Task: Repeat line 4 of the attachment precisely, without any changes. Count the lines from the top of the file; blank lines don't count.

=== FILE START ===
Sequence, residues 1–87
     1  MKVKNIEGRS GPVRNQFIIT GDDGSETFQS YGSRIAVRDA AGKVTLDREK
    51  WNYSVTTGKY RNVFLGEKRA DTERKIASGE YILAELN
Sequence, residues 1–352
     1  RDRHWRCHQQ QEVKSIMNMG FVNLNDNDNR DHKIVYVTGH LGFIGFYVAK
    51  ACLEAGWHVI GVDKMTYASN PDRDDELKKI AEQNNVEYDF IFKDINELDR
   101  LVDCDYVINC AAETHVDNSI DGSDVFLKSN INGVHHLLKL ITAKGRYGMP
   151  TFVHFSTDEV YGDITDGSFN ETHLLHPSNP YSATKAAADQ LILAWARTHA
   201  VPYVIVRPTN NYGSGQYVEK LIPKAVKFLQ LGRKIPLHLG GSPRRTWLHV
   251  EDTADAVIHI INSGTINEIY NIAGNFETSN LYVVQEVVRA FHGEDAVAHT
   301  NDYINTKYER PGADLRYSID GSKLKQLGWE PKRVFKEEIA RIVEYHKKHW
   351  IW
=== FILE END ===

Sequence, residues 1–352